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LTRACE(1) User Commands LTRACE(1)


ltrace - A library call tracer


ltrace [-e filter|-L] [-l|--library=library_pattern] [-x filter] [-S] [-b|--no-signals] [-i] [-w|--where=nr] [-r|-t|-tt|-ttt] [-T] [-F filename] [-A maxelts] [-s strsize] [-C|--demangle] [-a|--align column] [-n|--indent nr] [-o|--output filename] [-D|--debug mask] [-u username] [-f] [-p pid] [[--] command [arg ...]]

ltrace -c [-e filter|-L] [-l|--library=library_pattern] [-x filter] [-S] [-o|--output filename] [-f] [-p pid] [[--] command [arg ...]]

ltrace -V|--version

ltrace -h|--help


ltrace is a program that simply runs the specified command until it exits. It intercepts and records the dynamic library calls which are called by the executed process and the signals which are received by that process. It can also intercept and print the system calls executed by the program.

Its use is very similar to strace(1).


Align return values in a specific column (default column is 5/8 of screen width).
Maximum number of array elements to print before suppressing the rest with an ellipsis ("..."). This also limits number of recursive structure expansions.
Disable printing of signals recieved by the traced process.
Count time and calls for each library call and report a summary on program exit.
Decode (demangle) low-level symbol names into user-level names. Besides removing any initial underscore prefix used by the system, this makes C++ function names readable.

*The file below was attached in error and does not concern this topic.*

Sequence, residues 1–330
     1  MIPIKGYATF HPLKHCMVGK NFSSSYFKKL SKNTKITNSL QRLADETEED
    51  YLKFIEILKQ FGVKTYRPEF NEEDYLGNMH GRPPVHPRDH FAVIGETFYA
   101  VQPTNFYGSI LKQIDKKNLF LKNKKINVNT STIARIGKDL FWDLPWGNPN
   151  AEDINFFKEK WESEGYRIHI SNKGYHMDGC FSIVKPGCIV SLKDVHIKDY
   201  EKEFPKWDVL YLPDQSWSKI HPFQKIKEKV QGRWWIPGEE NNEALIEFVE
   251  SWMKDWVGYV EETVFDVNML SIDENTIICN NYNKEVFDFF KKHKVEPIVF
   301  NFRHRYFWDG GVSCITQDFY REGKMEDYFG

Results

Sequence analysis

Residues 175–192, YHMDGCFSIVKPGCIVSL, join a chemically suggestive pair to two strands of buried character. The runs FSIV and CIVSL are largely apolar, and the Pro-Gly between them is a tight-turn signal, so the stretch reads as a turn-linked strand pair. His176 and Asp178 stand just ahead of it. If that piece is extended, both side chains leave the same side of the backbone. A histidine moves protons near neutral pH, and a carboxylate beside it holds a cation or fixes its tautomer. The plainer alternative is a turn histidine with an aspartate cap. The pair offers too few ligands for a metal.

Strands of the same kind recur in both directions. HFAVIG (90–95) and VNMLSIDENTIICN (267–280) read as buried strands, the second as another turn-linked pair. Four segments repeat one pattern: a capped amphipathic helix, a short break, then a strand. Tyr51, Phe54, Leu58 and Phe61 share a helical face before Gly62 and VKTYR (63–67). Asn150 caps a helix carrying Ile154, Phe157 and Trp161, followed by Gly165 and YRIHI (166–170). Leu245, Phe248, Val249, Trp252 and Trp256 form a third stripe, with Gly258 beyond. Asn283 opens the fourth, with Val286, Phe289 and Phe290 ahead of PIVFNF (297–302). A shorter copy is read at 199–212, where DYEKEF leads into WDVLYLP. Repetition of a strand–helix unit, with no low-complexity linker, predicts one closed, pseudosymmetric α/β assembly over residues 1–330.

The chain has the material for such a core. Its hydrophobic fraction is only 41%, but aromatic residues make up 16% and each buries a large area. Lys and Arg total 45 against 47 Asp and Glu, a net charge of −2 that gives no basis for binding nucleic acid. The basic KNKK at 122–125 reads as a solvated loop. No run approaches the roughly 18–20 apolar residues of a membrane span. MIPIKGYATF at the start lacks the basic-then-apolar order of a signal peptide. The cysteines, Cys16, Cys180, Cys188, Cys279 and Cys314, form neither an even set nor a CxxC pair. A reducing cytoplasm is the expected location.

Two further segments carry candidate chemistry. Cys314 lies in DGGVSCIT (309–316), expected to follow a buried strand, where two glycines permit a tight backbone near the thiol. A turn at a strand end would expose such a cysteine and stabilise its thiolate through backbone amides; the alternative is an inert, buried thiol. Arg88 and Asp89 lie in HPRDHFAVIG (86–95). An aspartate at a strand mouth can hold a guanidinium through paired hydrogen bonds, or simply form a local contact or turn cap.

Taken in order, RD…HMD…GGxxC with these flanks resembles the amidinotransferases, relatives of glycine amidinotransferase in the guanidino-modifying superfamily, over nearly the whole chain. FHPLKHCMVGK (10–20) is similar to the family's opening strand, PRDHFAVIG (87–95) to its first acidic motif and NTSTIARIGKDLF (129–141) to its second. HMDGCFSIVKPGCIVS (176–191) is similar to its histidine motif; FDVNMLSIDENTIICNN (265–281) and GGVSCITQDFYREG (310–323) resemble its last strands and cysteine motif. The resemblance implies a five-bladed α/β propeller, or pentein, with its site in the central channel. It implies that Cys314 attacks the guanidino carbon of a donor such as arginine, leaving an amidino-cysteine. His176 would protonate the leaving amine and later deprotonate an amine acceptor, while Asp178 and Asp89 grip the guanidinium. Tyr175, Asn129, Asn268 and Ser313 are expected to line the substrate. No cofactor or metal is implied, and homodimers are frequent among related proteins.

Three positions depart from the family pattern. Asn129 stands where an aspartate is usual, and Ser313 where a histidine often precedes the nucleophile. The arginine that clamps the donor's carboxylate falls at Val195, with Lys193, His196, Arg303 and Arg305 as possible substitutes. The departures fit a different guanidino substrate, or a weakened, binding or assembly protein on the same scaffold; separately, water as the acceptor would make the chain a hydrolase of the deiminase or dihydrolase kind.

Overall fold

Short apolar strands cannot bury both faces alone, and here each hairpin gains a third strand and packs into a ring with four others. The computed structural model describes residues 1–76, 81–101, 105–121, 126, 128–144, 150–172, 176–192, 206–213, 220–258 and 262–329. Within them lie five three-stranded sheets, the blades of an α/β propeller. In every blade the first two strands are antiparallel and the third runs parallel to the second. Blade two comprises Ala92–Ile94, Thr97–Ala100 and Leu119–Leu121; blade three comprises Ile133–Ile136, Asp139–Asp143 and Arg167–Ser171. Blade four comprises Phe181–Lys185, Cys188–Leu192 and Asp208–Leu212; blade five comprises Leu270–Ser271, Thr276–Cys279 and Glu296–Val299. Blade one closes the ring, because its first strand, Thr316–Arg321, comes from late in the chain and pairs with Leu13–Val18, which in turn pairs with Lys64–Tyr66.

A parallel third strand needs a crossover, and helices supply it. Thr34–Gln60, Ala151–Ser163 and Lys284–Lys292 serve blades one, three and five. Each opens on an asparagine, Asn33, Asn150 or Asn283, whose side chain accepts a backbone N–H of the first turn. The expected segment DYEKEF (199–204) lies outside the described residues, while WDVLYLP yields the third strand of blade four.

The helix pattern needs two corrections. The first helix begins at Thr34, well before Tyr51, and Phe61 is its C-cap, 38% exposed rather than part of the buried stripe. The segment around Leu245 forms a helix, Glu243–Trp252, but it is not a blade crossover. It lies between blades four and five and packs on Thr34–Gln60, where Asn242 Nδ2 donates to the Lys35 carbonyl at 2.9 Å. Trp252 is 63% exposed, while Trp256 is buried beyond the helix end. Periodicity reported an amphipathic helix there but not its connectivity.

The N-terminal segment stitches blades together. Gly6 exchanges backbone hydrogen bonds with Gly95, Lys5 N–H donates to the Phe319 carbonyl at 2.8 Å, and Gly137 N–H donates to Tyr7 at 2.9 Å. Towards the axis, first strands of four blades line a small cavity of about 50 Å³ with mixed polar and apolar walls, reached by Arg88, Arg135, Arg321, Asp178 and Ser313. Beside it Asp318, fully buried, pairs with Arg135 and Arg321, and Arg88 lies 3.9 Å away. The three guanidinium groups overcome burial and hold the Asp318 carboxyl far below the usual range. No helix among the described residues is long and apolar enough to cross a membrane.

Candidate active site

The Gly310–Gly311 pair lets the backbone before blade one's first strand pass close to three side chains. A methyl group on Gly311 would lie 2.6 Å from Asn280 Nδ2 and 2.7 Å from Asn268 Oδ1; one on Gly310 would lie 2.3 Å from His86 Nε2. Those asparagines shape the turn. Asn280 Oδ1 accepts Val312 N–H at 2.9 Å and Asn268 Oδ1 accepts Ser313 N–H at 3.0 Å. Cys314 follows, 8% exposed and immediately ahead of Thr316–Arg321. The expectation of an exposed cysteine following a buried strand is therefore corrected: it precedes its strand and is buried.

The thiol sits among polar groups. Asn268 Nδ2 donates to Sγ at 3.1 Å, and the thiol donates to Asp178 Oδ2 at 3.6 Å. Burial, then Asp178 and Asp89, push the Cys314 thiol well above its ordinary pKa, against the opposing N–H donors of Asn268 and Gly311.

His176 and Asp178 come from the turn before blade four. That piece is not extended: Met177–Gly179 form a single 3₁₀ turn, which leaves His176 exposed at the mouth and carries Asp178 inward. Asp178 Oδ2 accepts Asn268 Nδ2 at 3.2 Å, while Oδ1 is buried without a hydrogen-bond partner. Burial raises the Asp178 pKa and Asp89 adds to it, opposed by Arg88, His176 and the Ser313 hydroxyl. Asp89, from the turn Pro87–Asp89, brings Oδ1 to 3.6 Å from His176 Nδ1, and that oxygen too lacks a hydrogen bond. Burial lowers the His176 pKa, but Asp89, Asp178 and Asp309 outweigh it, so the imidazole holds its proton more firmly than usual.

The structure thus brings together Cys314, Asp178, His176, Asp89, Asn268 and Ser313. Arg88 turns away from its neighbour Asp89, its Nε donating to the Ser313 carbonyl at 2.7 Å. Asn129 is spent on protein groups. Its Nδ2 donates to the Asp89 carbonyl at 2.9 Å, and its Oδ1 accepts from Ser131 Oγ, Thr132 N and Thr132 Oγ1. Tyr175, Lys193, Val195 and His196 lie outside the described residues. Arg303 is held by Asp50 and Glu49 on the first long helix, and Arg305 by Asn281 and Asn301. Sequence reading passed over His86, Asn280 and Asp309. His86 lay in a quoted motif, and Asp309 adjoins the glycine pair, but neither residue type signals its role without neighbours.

Show debugging output of ltrace itself. mask is a number with internal meaning that's not really well defined at all. mask of 77 shows all debug messages, which is what you usually need.
A qualifying expression which modifies which library calls to trace. The format of the filter expression is described in the section FILTER EXPRESSIONS. If more than one -e option appears on the command line, the library calls that match any of them are traced. If no -e is given, @MAIN is assumed as a default.
Trace child processes as they are created by currently traced processes as a result of the fork(2) or clone(2) system calls. The new process is attached immediately.
Load an alternate config file. Normally, /etc/ltrace.conf and ~/.ltrace.conf will be read (the latter only if it exists). Use this option to load the given file or files instead of those two default files. See ltrace.conf(5) for details on the syntax of ltrace configuration files.
Show a summary of the options to ltrace and exit.
Print the instruction pointer at the time of the library call.
Display only calls to functions implemented by libraries that match library_pattern. Multiple library patters can be specified with several instances of this option. Syntax of library_pattern is described in section FILTER EXPRESSIONS.

Note that while this option selects calls that might be directed to the selected libraries, there's no actual guarantee that the call won't be directed elsewhere due to e.g. LD_PRELOAD or simply dependency ordering. If you want to make sure that symbols in given library are actually called, use -x @library_pattern instead.

When no -e option is given, don't assume the default action of @MAIN.
Indent trace output by nr spaces for each level of call nesting. Using this option makes the program flow visualization easy to follow. This indents uselessly also functions that never return, such as service functions for throwing exceptions in the C++ runtime.
Write the trace output to the file filename rather than to stderr.
Attach to the process with the process ID pid and begin tracing. This option can be used together with passing a command to execute. It is possible to attach to several processes by passing more than one option -p.
Print a relative timestamp with each line of the trace. This records the time difference between the beginning of successive lines.
Specify the maximum string size to print (the default is 32).